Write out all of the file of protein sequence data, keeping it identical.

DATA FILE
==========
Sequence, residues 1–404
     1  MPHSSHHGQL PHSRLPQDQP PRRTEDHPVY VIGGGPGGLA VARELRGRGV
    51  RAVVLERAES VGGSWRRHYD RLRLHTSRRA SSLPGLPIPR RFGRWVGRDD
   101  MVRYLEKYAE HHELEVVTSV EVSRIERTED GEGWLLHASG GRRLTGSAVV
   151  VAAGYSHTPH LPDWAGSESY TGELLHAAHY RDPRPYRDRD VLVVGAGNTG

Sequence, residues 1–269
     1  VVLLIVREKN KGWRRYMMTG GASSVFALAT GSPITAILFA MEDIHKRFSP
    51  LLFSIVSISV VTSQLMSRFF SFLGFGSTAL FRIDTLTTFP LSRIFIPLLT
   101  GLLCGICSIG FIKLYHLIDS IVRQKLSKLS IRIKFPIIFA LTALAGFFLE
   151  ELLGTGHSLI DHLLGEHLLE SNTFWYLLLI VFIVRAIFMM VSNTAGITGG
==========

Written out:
Sequence, residues 1–404
     1  MPHSSHHGQL PHSRLPQDQP PRRTEDHPVY VIGGGPGGLA VARELRGRGV
    51  RAVVLERAES VGGSWRRHYD RLRLHTSRRA SSLPGLPIPR RFGRWVGRDD
   101  MVRYLEKYAE HHELEVVTSV EVSRIERTED GEGWLLHASG GRRLTGSAVV
   151  VAAGYSHTPH LPDWAGSESY TGELLHAAHY RDPRPYRDRD VLVVGAGNTG

Sequence, residues 1–269
     1  VVLLIVREKN KGWRRYMMTG GASSVFALAT GSPITAILFA MEDIHKRFSP
    51  LLFSIVSISV VTSQLMSRFF SFLGFGSTAL FRIDTLTTFP LSRIFIPLLT
   101  GLLCGICSIG FIKLYHLIDS IVRQKLSKLS IRIKFPIIFA LTALAGFFLE
   151  ELLGTGHSLI DHLLGEHLLE SNTFWYLLLI VFIVRAIFMM VSNTAGITGG